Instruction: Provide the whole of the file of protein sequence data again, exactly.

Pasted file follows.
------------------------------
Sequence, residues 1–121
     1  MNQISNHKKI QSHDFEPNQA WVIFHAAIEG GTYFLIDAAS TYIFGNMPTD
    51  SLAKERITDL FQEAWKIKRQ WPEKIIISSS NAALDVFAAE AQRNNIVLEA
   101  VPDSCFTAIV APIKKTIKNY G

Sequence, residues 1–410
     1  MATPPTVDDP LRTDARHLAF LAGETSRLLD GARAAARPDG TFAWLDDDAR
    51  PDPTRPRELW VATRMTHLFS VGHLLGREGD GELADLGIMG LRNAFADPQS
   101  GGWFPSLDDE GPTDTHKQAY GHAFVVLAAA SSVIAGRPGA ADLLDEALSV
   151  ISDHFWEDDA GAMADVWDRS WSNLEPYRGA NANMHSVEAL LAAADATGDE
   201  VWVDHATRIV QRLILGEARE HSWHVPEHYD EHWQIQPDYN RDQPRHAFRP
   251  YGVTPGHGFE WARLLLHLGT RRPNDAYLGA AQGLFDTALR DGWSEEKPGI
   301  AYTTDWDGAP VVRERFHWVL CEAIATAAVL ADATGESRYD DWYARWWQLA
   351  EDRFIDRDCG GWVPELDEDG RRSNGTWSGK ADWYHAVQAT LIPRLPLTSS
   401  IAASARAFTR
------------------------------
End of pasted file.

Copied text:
Sequence, residues 1–121
     1  MNQISNHKKI QSHDFEPNQA WVIFHAAIEG GTYFLIDAAS TYIFGNMPTD
    51  SLAKERITDL FQEAWKIKRQ WPEKIIISSS NAALDVFAAE AQRNNIVLEA
   101  VPDSCFTAIV APIKKTIKNY G

Sequence, residues 1–410
     1  MATPPTVDDP LRTDARHLAF LAGETSRLLD GARAAARPDG TFAWLDDDAR
    51  PDPTRPRELW VATRMTHLFS VGHLLGREGD GELADLGIMG LRNAFADPQS
   101  GGWFPSLDDE GPTDTHKQAY GHAFVVLAAA SSVIAGRPGA ADLLDEALSV
   151  ISDHFWEDDA GAMADVWDRS WSNLEPYRGA NANMHSVEAL LAAADATGDE
   201  VWVDHATRIV QRLILGEARE HSWHVPEHYD EHWQIQPDYN RDQPRHAFRP
   251  YGVTPGHGFE WARLLLHLGT RRPNDAYLGA AQGLFDTALR DGWSEEKPGI
   301  AYTTDWDGAP VVRERFHWVL CEAIATAAVL ADATGESRYD DWYARWWQLA
   351  EDRFIDRDCG GWVPELDEDG RRSNGTWSGK ADWYHAVQAT LIPRLPLTSS
   401  IAASARAFTR